More than 100 years ago, the first fledgling calls for business transparency were heard. At that time, it was in the grueling textile mills where children worked intolerable schedules in place of school. Today, transparency figures into every business sector. Businesses know that consumers care not just about what they buy, but also the values the company puts to work. And they are willing to ask for accountability.
Author: Jan Lee
Love those remote, out-of-the-way places but loathe the load of water you have to carry on your bike? A new startup has an answer that generates water from air in a bottle. Now, if someone could just design an apparatus to furnish drinking water to the 663 million people who don’t have it…
Our national and state roads, dams, bridges, and airports are in such disrepair that they’ve even garnered the attention of this year’s presidential candidates. Yet none seem to have a comprehensive answer as to how to come up with the $3 trillion that engineers say it will take to upgrade our national infrastructure. The problem, says author Parag Khanna, isn’t that it can’t be done, but that we aren’t thinking big enough.
SPECIAL SERIES: Fostering Diversity and Purpose at Work
Accessibility is no longer defined by the concrete ramp that leads up to your office door. It’s defined by how your business represents and reflects the society outside its doors. A growing number of businesses are embracing that recognition, including PwC. The tax and consulting firm is leading the charge to ensure that accessibility and inclusiveness aren’t just workplace policies, but the very platform on which its growth is built.
Move over, Andrew. Abolitionist and human rights advocate Harriet Tubman will be the next face of the U.S. $20 bill. She will have to wait until 2020 or so for the honor, but she’ll be just in time for the 100th anniversary of women’s right to vote. What’s a few more years after hundreds?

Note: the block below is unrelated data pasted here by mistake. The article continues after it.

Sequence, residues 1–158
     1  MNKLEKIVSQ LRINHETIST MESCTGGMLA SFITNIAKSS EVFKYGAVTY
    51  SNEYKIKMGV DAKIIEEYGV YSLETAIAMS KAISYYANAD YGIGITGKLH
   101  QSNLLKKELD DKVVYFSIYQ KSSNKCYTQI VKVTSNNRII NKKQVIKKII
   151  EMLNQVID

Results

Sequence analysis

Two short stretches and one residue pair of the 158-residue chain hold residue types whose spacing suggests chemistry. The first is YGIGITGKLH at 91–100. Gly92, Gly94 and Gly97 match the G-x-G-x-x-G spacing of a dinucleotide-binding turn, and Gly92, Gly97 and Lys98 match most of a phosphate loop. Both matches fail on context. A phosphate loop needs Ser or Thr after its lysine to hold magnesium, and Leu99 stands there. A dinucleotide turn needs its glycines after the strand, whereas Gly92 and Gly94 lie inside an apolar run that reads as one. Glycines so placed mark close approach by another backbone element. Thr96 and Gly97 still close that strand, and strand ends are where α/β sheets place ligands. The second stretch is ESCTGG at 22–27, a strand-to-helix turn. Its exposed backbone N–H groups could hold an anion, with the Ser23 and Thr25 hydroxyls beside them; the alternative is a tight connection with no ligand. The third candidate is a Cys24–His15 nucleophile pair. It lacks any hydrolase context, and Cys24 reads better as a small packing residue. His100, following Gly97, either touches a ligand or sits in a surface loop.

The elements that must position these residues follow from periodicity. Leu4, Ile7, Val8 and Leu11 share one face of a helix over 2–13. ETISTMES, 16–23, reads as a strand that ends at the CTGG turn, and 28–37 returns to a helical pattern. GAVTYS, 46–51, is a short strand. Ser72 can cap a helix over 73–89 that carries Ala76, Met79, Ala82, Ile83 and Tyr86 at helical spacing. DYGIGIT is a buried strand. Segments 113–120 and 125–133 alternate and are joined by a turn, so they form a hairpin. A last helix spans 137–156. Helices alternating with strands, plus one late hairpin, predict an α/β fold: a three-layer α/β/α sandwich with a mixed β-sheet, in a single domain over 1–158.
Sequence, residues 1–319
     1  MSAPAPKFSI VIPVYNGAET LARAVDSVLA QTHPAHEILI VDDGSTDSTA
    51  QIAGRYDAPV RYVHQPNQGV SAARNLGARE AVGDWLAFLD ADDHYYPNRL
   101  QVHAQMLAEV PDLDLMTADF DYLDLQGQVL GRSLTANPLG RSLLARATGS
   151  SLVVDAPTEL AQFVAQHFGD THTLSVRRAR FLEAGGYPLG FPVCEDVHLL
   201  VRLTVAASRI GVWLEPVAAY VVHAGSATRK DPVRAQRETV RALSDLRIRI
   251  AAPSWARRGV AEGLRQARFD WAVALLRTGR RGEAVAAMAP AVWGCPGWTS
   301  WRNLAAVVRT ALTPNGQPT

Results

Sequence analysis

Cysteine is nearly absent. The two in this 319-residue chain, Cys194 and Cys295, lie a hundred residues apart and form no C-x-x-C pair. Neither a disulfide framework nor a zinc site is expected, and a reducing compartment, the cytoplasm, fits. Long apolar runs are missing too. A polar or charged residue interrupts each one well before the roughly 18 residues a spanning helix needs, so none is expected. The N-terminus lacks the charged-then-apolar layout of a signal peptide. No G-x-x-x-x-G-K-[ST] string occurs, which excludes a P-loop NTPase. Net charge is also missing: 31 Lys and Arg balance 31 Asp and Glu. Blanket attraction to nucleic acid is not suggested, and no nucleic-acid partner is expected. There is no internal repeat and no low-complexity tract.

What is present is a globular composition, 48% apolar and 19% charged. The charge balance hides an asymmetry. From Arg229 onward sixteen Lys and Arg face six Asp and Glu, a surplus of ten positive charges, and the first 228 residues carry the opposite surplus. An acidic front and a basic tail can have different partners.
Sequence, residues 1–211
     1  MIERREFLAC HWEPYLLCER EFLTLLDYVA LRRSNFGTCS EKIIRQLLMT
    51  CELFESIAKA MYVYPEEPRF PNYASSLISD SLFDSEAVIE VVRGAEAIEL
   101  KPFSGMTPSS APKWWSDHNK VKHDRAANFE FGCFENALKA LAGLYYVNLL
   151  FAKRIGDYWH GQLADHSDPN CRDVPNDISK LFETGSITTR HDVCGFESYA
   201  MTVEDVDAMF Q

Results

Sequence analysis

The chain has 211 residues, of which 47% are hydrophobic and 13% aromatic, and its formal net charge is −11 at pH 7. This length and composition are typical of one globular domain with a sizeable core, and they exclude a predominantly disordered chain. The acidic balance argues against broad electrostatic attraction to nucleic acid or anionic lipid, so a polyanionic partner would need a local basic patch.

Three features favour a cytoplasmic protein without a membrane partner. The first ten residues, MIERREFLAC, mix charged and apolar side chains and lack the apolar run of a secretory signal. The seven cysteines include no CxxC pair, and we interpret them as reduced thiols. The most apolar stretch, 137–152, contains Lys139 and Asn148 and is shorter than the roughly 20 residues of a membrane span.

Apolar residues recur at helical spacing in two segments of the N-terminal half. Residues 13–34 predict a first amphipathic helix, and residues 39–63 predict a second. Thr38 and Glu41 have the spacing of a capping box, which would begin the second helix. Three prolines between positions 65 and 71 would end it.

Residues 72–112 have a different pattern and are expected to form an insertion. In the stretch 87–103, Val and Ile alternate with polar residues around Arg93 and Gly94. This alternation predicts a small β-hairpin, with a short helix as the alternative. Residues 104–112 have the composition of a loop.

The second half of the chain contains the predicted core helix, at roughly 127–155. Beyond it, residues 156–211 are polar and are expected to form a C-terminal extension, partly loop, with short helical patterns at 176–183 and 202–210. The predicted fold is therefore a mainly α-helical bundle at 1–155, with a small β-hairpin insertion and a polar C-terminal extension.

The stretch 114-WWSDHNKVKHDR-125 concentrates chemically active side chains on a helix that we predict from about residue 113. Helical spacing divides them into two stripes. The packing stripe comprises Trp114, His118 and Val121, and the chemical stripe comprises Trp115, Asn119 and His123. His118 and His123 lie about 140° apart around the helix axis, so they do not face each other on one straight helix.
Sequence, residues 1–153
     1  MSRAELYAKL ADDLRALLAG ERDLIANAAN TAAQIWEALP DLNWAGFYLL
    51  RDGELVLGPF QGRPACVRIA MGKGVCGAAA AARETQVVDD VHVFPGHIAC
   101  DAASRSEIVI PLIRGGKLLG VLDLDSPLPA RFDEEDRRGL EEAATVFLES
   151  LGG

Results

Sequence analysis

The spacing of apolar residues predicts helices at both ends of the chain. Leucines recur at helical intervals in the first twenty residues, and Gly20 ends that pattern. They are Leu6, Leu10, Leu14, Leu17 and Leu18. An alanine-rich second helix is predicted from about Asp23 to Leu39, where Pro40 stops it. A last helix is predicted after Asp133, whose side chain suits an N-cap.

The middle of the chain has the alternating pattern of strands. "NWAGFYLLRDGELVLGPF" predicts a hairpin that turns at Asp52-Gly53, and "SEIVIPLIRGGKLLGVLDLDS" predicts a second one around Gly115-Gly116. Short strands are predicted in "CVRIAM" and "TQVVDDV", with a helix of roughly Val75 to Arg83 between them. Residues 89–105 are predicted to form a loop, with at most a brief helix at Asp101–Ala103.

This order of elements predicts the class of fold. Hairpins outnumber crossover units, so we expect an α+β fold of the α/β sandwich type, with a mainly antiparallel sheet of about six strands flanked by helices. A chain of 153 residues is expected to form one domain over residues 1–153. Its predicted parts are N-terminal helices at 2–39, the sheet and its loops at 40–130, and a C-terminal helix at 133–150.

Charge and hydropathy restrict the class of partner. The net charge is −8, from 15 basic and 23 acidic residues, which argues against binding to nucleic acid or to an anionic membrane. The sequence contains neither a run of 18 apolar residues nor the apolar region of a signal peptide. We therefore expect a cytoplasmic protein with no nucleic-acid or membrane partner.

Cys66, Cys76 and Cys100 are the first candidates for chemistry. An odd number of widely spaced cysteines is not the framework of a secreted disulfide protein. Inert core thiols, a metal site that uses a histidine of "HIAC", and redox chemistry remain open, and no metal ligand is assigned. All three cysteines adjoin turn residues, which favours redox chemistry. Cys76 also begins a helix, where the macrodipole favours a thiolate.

Investigators in Japan raided a Mitsubishi factory on Thursday after the company was “outed” by Nissan for tampering with fuel-economy test data. The discovery could be pricey for Mitsubishi — which, in the shadow of the Volkswagen dieselgate scandal, faces hefty fines and other costs.
Only days before the deadline, Volkswagen AG and the U.S. government reached a partial settlement on the “dieselgate” emissions scandal. But the news isn’t so good across the pond.
Goldman Sachs agreed to pay $5.1 billion in penalties for its part in the mortgage crisis that led to the 2008 recession — except it won’t, really. With good behavior and negotiated benefits, Goldman Sachs’ penalty for deceiving investors in one of Wall Street’s greatest scandals will likely be at least a $1 billion less.
Israel, a leader in technology development, says it’s on track to save $8 billion from carbon emissions reductions. The Israeli cabinet has unanimously approved the country’s 2030 targets, with sweeping calls for more tech funding and small-business support. Environmental advocates say that will be great — once the government inks it in stone with a finalized budget.
The controversial Panama Papers leaked the names of government officials, celebrities and multinational companies using offshore tax havens to stash away undisclosed funds. As the dust settles, the European Commission is tightening its tax disclosure laws.
Last week, Bangladeshi police opened fire on a crowd of people protesting two new coal plants, killing four demonstrators. The gruesome act prompts questions about not only the country’s police force, but also its plans to expand local energy grids.
Class-action suits against Volkswagen seem to be anything but news these days. With more than 400 litigations now in court, coming up with a new reason to sue the embattled car manufacturer may be difficult. But a family-owned dealership has a new twist to its complaint, which was launched in Illinois on Wednesday.
Last week’s three-fold amicus curiae submission to the U.S. Appeals Court included supporters from Congress, the tech, insurance and food industries, and plenty of renewable energy advocates.
Tesla Motors is due to unveil a peek of its new Tesla 3 this week (anticipated date is March 31). Autonomous driving, self-parking and 200 miles of capability between charges are some of the draws of the new car, but none stack up to its price-tag: $35,000 pre-incentives.
Reductions in water usage, a drop in emissions and bolder goals are among the highlights of Monsanto’s 2015 report. It also increased production of four key crops. Is that what consumers are looking for, and will its goals help us stave off climate change risks? We take a look at some of the issues facing Monsanto right now.